• Know and understand your disaster plans and warning systems that are in place in your community.
    • An out-of-town contact might be more easily able to help separated family members communicate because placing a call in town may be difficult.
    • It is smart to look into emergency plans in places where you and your family spend time such as school or daycare or work. If any of these places do not currently have an emergency plan you may want to consider helping to create one.
    • Establish a place both inside and outside your neighborhood where your family will meet.
    • Make sure that any babysitters or caregivers know of your family’s plans.
    • Don’t forget about your pets.
  • Make sure that immunizations are up to date. Young children or older adults are the most vulnerable to biological agents so make sure that you have checked with your doctor that all have the recommended immunizations.
  • You may also want to consider placing a High Efficiency Particulate Air (HEPA) filter for your air duct. These filters will be able to remove a range of biological agents from entering your house. However, a stand-alone HEPA may be all that is needed if you don’t have central heating or cooling.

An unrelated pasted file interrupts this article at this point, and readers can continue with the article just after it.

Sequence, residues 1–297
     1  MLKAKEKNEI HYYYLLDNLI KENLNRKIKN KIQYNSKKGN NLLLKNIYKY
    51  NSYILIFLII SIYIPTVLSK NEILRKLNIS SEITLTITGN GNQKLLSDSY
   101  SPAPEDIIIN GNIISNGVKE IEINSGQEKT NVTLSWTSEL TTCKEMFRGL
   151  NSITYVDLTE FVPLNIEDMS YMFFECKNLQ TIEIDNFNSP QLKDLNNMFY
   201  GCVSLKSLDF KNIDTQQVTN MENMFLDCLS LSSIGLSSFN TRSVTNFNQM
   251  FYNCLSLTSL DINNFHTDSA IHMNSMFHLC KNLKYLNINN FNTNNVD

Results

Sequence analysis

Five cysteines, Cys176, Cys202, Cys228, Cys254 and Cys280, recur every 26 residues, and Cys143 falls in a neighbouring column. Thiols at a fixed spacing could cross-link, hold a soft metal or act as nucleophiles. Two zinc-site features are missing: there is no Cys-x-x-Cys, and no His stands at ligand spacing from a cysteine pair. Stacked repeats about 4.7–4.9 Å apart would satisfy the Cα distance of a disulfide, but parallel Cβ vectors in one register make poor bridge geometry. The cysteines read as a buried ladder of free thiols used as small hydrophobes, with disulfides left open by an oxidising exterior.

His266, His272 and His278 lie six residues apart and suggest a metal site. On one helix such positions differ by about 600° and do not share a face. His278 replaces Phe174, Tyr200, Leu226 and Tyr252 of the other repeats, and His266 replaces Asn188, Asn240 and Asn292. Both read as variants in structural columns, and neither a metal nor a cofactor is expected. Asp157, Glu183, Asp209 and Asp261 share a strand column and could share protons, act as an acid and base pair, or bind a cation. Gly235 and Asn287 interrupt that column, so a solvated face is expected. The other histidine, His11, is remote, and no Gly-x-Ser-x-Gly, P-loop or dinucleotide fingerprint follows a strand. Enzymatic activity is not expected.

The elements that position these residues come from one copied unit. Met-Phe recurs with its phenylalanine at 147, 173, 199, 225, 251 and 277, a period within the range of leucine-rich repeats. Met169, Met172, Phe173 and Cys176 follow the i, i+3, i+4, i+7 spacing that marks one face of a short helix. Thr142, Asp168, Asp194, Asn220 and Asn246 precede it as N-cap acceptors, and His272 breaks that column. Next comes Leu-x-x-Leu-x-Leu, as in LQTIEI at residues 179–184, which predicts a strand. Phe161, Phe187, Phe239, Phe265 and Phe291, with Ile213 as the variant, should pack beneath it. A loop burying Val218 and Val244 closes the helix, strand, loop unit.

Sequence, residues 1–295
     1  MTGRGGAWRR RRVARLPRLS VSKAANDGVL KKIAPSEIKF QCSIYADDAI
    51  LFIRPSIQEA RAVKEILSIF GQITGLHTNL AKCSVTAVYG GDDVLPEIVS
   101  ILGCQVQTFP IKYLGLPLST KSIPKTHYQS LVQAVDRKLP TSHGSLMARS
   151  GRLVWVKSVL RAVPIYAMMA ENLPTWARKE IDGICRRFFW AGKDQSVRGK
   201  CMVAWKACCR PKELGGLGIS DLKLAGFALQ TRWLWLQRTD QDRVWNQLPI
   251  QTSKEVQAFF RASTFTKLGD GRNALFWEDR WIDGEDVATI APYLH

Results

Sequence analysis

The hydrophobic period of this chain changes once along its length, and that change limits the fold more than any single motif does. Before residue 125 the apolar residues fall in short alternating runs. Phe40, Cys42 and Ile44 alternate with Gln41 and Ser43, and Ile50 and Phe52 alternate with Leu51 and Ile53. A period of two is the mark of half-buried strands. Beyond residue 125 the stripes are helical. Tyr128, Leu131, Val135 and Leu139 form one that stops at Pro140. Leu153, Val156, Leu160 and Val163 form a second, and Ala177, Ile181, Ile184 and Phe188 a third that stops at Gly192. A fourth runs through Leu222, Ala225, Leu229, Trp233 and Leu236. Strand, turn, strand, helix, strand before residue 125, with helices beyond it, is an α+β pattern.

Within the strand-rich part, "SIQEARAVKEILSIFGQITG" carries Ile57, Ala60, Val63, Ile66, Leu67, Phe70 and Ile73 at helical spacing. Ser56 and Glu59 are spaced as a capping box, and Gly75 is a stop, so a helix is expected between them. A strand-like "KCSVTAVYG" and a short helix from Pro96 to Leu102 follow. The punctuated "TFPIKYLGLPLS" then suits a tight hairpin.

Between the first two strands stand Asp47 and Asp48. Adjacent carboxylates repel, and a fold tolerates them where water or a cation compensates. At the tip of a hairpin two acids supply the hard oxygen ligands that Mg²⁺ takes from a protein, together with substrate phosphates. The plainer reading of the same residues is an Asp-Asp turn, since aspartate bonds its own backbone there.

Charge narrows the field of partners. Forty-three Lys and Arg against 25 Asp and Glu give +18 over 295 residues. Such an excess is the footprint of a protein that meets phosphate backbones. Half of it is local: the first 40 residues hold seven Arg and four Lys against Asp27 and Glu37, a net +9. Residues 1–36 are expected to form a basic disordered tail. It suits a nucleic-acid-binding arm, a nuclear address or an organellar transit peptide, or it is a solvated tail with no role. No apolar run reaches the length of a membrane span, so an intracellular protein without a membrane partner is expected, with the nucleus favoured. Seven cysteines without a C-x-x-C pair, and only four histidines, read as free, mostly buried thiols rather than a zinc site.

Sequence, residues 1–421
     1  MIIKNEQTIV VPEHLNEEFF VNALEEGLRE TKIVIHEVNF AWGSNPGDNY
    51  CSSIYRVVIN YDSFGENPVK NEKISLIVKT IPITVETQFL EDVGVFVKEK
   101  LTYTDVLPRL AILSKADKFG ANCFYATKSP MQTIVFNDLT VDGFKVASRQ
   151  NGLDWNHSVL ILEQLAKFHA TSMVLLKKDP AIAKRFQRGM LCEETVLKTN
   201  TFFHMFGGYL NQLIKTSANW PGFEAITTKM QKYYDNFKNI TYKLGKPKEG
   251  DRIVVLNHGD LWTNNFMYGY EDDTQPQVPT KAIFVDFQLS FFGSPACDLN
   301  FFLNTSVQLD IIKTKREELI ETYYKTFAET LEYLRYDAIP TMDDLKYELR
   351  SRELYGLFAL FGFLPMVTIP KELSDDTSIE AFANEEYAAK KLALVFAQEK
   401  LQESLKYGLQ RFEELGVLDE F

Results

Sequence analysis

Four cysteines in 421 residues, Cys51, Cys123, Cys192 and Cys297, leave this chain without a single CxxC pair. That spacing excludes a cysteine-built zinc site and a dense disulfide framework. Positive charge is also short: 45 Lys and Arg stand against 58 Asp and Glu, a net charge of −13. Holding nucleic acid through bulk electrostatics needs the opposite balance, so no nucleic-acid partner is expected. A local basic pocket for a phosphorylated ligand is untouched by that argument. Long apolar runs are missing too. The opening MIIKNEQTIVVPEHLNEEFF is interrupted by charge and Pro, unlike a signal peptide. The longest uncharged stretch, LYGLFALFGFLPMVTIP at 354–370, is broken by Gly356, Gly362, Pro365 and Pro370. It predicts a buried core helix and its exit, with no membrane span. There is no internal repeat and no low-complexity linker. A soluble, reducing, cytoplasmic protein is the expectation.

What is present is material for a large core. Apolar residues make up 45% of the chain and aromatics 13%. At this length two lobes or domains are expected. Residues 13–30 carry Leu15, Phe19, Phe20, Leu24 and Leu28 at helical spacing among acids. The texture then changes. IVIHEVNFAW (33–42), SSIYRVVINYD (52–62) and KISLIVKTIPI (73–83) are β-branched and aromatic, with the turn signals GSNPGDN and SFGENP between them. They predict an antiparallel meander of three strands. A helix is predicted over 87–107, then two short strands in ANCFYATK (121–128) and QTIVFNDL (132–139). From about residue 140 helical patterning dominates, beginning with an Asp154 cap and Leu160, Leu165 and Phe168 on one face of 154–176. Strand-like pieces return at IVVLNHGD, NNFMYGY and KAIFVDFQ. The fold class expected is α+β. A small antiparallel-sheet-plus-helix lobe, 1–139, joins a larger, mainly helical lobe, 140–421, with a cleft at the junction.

Building Filtration

It is important for the building manager or owner to determine the level and the type of filtration their structures have as well as the protection level it has in order to be prepared for biological attacks. For more information on this topic look to Guidance for Filtration and Air-Cleaning Systems to Protect Building Environments from Airborne Chemical, Biological, or Radiological Attacks from the National Institute of Occupational Safety and Health (NIOSH.) You can get a copy by calling 1 (800) 35NIOSH or by visiting the National Institute for Occupational Safety and Health Web site. You will want to download NIOSH Publication 2003-136.

How to Use HEPA Filters

In the case of biological attacks, HEPA filters can be very useful. Because air movement through the filter in the house will help with the removal of agents in the air, it is important to keep your HEPA filter running or with the fan on (if your home has central heating/cooling.) If your HEPA filter is portable make sure it is on in the room with you.

An office or apartment building with a central heating/cooling system with a filtration system should provide some protection from outside biological threats.